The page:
Snapchat will soon remove controversial speed filter

In this screengrab, Evan Spiegel, CEO of Snap, Inc., takes the stage at the virtual Snap Partner Summit 2020.
In this screengrab, Evan Spiegel, CEO of Snap, Inc., takes the stage at the virtual Snap Partner Summit 2020. Photo credit Getty Images for Snap, Inc.

Snapchat users soon won’t be able to use the controversial “speed filter.”

A Snap Inc. spokesperson told NPR on Thursday the feature is “being removed altogether” over the next couple of weeks, as it “is barely used by Snapchatters.”

The outlet asked the company, which first introduced the filter in 2013, “a series of questions” over “several weeks” about why the feature remained in the app.

Users continued to be able to record their speeds and send it to others, despite lawsuits from families of people injured or killed by speeding drivers who were using the feature.

"Lives will be saved,” Joel Feldman, the co-founder of the nonprofit End Distracted Driving, told NPR.

“Crashes will be prevented, but the lawyer in me says, 'My God, why did it take so long?' "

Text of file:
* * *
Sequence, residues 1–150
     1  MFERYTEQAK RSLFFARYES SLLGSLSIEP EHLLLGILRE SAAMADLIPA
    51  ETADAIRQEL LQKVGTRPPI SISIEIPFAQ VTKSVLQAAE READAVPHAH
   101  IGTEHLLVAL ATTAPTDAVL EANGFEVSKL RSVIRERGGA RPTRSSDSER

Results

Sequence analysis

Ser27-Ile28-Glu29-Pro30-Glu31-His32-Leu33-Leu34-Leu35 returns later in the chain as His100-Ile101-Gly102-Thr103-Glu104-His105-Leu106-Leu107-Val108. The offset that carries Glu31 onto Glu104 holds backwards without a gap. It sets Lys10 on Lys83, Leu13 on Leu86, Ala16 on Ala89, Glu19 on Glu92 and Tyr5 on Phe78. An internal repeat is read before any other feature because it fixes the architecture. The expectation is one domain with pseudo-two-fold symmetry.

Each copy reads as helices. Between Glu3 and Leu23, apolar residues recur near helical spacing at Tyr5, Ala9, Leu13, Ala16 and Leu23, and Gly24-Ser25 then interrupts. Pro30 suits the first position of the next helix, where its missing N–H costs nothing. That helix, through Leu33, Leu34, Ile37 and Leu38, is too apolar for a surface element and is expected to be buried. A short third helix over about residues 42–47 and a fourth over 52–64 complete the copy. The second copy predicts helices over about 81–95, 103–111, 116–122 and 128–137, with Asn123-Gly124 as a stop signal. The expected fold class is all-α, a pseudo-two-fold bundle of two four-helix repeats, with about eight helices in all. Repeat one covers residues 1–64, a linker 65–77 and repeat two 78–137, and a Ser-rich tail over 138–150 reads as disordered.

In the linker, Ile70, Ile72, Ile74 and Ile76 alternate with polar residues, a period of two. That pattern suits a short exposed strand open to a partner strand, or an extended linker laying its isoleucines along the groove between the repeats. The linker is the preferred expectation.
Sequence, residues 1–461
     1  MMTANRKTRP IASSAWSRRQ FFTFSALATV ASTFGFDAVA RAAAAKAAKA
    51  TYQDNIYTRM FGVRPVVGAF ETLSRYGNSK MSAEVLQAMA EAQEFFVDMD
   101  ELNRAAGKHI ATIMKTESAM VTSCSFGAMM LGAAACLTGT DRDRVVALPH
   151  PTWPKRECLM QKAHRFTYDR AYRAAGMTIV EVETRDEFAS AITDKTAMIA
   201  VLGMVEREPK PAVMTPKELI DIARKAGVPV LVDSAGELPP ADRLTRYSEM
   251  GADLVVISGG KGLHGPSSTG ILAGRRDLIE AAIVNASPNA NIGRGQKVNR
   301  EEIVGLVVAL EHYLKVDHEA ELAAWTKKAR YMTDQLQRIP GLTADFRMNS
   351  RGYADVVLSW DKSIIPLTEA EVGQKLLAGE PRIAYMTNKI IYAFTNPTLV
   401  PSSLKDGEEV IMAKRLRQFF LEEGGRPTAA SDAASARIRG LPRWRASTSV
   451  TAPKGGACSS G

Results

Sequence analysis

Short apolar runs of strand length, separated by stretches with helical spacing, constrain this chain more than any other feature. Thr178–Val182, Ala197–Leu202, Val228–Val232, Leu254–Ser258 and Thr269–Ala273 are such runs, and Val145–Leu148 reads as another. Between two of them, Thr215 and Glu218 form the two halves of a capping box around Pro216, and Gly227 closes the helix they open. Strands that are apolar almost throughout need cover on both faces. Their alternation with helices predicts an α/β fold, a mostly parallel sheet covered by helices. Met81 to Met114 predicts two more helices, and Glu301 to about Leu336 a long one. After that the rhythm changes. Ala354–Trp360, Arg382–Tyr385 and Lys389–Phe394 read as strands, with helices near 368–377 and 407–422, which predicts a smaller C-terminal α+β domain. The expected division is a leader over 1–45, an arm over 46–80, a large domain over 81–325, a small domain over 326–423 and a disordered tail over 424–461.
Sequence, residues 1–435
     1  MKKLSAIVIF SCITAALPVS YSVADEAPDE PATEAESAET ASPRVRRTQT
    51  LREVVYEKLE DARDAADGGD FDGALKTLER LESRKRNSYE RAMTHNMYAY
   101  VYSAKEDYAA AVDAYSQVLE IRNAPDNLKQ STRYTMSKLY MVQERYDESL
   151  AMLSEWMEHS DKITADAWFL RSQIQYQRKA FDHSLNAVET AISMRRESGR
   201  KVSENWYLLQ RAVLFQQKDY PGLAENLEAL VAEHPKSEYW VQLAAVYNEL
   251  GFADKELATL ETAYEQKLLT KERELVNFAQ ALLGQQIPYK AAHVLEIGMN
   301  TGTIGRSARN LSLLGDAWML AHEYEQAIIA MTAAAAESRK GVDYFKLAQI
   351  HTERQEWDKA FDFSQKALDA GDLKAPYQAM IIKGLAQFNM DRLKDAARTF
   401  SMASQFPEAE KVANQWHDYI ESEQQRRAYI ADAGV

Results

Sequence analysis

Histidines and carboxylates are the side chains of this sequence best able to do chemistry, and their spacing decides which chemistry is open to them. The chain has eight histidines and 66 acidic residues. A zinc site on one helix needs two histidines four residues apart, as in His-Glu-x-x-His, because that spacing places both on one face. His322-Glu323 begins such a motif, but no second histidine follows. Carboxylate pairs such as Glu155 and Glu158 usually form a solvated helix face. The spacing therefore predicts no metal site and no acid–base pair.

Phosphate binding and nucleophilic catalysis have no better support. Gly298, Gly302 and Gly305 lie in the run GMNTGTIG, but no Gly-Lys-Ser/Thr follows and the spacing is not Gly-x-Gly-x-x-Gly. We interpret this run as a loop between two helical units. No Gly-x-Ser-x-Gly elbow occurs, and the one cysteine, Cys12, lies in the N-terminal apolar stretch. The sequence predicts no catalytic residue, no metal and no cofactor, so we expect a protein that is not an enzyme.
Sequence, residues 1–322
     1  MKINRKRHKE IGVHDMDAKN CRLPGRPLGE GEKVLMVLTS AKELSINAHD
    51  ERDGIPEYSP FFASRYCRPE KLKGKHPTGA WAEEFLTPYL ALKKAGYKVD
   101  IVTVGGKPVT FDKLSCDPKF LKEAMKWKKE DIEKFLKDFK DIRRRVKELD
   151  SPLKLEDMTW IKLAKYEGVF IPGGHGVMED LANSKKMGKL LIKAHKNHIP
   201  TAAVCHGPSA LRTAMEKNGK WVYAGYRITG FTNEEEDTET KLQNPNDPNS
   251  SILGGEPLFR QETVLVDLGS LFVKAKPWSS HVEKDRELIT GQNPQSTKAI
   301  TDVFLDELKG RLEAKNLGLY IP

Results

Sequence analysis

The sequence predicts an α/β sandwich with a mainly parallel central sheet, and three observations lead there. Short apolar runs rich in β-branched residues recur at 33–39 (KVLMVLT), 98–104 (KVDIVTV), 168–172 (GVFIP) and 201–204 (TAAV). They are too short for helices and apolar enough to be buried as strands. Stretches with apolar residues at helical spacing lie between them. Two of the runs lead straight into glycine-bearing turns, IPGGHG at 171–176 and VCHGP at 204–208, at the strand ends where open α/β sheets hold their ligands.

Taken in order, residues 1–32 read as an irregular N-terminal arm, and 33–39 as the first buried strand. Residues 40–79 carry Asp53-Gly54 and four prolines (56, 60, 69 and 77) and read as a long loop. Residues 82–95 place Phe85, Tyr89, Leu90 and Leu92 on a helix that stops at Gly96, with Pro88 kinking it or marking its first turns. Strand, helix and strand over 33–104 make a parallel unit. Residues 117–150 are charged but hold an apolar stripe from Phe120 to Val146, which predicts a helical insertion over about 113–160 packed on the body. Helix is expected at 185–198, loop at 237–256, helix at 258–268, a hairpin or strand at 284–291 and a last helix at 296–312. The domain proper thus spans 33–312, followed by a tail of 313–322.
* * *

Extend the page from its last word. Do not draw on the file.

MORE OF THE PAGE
After a number of near-deadly and fatal car crashes were linked to users using the feature, Snap downgraded it from a “filter” to a “sticker,” taking longer for users to access. The company also capped driving speeds at 35 mph, and added a “Don’t Snap and drive” warning.

Snap continues to face lawsuits over the soon-to-be-retired feature.

Last month, a federal appeals court ruled that the family of three young men who died, clocking a speed of 123 mph on the app before crashing into a tree, can sue the company for negligence. Two of the young men were 17, and the other was 20 years old.

Snap asked the trial court this week to toss the case. The company’s lawyers argued that the filter didn’t cause the accident.

“A speedometer tool that warns against using it while driving does not cause reckless speeding through some kind of implicit encouragement any more than a car’s speedometer would,” they said in a motion to dismiss, obtained by NPR. “No court has stretched proximate causation so far.”